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Measurement of Liquid Film Thickness by a Fringe Method

[+] Author Affiliations
Akira Kariyasaki, Yoshikazu Yamasaki, Masazumi Kagawa, Tohru Nagashima, Sigeharu Morooka

Fukuoka University, Fukuoka, Japan

Akiharu Ousaka

University of Tokushima, Tokushima, Japan

Paper No. ICNMM2007-30082, pp. 891-897; 7 pages
doi:10.1115/ICNMM2007-30082
From:
  • ASME 2007 5th International Conference on Nanochannels, Microchannels, and Minichannels
  • ASME 5th International Conference on Nanochannels, Microchannels, and Minichannels
  • Puebla, Mexico, June 18–20, 2007
  • Conference Sponsors: Nanotechnology Institute
  • ISBN: 0-7918-4272-X | eISBN: 0-7918-3800-5
  • Copyright © 2007 by ASME

abstract

A technique to measure the local thickness of a droplet or a liquid film by an interference fringe pattern that was formed by reflecting laser lights was developed and tested. Monochromatic epi-illumination through an objective lens of a microscope was provided by a 5mw-300mw laser and a filter to remove the noise caused by laser speckle. The incremental height difference of the liquid layer between neighboring maxima or minima of fringes was evaluated from the wavelength of the laser light and the refractive index of the liquid. Estimation error of a local inclination angle was discussed using ray tracing under parallel illumination approximation (Kühner et al., 1996). Droplet profiles evaluated from the interferogram that were obtained by the present fringe method agreed well with those by Laser Focus Displacement Meter (LFD) (Fukamachi et al., 2003). Measurement was tried to make sure the usefulness of the present technique. It was made clear that a) contact angle of a liquid droplet could be obtained precisely and swiftly even in small size or small contact angle, and b) instantaneous three dimensional profile of a liquid film on a bubble moving in a micro-channel could be measured. The fringe method had sufficient potential to obtain more detailed information about three dimensional characteristics of liquid film in flow phenomena such as the generation, break down and growth of waves and the liquid film of a bubble at the beginning of movement.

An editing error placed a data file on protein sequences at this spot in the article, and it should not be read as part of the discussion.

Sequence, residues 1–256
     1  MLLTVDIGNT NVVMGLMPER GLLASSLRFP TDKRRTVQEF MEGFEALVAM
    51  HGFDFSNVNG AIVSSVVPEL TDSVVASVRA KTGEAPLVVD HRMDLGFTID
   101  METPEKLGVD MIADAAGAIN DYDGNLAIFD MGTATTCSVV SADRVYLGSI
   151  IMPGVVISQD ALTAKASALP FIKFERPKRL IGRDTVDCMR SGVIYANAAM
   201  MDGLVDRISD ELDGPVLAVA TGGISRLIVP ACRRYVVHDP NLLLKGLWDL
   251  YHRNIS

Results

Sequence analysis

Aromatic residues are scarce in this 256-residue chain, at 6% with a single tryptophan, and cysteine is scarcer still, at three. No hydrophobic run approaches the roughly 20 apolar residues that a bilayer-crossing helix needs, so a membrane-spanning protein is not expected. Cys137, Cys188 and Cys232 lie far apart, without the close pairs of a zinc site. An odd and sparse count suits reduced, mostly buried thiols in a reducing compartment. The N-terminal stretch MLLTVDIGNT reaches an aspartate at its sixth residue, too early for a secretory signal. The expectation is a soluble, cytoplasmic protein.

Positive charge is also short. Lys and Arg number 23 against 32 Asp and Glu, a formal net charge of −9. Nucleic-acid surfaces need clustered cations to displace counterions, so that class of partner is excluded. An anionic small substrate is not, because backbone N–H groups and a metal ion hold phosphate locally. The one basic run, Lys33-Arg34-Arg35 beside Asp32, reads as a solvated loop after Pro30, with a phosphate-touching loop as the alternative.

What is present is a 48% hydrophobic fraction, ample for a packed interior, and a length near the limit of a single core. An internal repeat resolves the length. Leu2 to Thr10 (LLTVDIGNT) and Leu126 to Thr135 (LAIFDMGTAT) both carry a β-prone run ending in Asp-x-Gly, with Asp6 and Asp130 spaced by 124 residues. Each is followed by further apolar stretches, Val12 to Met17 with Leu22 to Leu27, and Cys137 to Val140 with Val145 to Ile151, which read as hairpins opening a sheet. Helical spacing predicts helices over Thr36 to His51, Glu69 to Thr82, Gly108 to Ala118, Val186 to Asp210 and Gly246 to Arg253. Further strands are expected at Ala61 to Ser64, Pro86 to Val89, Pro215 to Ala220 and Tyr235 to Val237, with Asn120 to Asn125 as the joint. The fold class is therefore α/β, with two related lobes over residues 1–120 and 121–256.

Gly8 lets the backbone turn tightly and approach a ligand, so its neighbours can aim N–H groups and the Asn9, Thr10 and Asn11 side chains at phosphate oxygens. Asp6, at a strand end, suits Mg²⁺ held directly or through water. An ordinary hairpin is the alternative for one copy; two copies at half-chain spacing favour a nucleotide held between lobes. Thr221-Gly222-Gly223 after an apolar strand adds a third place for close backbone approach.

Copyright © 2007 by ASME

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